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Visiting Staunton Harold with your dog

A couple and their dog walking on a path through the woodland
Visitors walking with their pooch | © National Trust/Annapurna Mellor

Dogs are welcome to explore Staunton Harold, with lots of woodland and waterside routes for you to enjoy. Find out everything you’ll need to know about walking your dog at Staunton Harold and read the canine code here.

Where can my dog go?

Dogs are welcome everywhere at Staunton Harold. Please keep dogs on short leads around the visitor facilities, playground or near livestock, and under close control at all times.

The café at Staunton Harold is dog friendly and you’re welcome to bring your pet inside to enjoy a range of refreshments, including treats for your dog.

Where can’t my dog go?

Dogs are not allowed in the water at Staunton Harold. Reservoirs contain unseen dangers beneath the water and the presence of blue green algae can be dangerous for both dogs and people.

Facilities available for my dog

There are water bowls at the café to keep your dog refreshed, and lots of dog waste bins around the car parks and along some of the paths. Please remember to bring plenty of poo bags with you.

A close-up image of a tan-brown dog with a white muzzle and zip, with trees visible in the background
Enjoy walkies at Staunton Harold | © National Trust Images/Annapurna Mellor

The Canine Code

We’ve worked with our partner Forthglade to come up with this Canine Code, which helps to make sure everyone can enjoy their day:

  • Keep them close: using a short lead helps to keep your dog from disturbing ground-nesting birds and farm animals. It's essential to use a short lead around sheep. But if cattle approach you, it's best to let your dog off the lead, and call them back when it's safe to do so.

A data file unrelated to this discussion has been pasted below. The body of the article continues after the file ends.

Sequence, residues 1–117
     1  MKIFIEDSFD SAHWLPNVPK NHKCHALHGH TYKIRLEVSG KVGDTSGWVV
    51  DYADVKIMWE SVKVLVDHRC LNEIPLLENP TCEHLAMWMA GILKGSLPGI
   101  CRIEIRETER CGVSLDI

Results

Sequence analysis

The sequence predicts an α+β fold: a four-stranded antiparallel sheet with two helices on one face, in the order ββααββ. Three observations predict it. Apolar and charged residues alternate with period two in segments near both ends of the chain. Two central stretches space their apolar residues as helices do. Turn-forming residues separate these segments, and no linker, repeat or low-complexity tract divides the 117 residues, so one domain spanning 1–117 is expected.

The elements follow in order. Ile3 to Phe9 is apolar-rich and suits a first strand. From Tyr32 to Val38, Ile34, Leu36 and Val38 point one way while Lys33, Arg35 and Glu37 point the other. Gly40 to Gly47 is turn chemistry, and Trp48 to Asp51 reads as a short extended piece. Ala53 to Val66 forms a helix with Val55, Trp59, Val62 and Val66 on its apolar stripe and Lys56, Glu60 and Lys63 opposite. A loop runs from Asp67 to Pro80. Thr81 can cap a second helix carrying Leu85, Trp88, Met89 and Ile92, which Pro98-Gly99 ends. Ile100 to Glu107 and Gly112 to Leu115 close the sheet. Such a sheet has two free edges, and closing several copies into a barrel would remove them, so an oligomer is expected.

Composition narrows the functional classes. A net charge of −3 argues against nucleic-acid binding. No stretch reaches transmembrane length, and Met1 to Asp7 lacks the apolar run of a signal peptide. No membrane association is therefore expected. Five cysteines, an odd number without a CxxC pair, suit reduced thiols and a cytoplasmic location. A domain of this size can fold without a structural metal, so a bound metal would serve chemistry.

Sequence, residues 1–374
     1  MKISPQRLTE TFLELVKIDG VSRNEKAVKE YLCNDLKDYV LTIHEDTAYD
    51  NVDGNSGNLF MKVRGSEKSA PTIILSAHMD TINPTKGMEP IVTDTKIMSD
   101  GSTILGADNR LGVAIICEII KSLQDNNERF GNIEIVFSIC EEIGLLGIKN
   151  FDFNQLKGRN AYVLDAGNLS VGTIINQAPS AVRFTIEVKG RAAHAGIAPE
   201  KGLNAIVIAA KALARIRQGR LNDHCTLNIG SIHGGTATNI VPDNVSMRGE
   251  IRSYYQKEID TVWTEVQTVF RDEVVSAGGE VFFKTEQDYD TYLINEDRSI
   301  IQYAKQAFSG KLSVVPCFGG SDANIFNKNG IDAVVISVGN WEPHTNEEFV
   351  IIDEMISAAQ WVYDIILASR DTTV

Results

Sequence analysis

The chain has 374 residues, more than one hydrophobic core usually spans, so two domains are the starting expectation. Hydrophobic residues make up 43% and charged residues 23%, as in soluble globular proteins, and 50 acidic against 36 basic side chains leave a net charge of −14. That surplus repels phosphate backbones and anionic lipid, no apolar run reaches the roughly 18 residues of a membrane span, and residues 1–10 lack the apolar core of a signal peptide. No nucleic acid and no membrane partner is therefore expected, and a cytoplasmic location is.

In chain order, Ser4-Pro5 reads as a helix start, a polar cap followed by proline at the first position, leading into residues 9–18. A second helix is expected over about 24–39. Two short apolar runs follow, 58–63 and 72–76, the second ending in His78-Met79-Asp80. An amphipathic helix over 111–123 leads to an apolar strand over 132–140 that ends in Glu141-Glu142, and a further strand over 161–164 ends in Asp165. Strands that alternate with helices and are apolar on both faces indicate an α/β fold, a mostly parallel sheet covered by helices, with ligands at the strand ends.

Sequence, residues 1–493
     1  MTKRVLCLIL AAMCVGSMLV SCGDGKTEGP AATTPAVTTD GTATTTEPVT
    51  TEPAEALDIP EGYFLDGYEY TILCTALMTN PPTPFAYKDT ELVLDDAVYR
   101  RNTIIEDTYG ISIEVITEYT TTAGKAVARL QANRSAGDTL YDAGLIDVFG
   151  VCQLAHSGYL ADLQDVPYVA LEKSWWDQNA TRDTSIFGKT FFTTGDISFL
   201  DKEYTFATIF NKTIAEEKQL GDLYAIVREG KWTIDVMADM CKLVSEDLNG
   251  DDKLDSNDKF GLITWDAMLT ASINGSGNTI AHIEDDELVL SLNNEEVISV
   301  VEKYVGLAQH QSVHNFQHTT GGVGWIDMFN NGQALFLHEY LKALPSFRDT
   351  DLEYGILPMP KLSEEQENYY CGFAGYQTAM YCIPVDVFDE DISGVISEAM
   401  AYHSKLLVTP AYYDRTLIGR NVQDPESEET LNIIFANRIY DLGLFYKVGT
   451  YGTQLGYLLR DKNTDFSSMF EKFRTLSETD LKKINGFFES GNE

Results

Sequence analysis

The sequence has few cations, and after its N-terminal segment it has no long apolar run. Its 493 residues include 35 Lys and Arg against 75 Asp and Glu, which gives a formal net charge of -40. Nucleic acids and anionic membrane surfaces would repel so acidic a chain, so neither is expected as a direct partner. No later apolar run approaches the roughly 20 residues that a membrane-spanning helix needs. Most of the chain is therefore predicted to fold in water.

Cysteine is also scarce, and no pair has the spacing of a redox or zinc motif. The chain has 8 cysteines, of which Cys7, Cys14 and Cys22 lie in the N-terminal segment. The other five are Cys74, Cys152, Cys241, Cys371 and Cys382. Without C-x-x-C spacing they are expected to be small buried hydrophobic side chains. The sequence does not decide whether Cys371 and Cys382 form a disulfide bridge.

• Pick up the poo: please always clear up after your dog. If you can't find a bin nearby, take the poo bags home with you.
  • Watch the signs: keep an eye on local signs and notices wherever you're walking. They'll tell you if a beach has a dog ban, for instance, or if a path has been diverted, or if you're in an area where dogs can run off-lead.
  • Stay on the ball: remember that not everyone loves dogs, and some people fear them. So make sure your dog doesn't run up to other people, especially children.

Keeping control of your dog

Our definition of close or effective control is: ​

  • Being able to recall your dogs in any situation at the first call
  • Being able to clearly see your dog at all times (not just knowing they have gone into the undergrowth or over the crest of the hill). In practice, this means keeping them on a footpath if the surrounding vegetation is too dense for your dog to be visible
  • Not allowing them to approach other visitors without their consent
  • Having a lead with you to use if you encounter livestock or wildlife, or if you are asked to use one
A view of the water tower at Staunton Harold with a blue, cloudy sky above and bare trees visible around the tower.

Discover more at Staunton Harold

Find out how to get to Staunton Harold, where to park, the things to see and do and more.

Our partners


We've partnered with natural pet food maker Forthglade so that you and your dog can get even more out of the special places we care for.

Visit website 

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The café is open every day serving a range of hot and cold drinks, light bites, sandwiches and sweet treats. Dogs are welcome inside the café, with dog treats and essentials available to buy. Seating is available indoors and outdoors.

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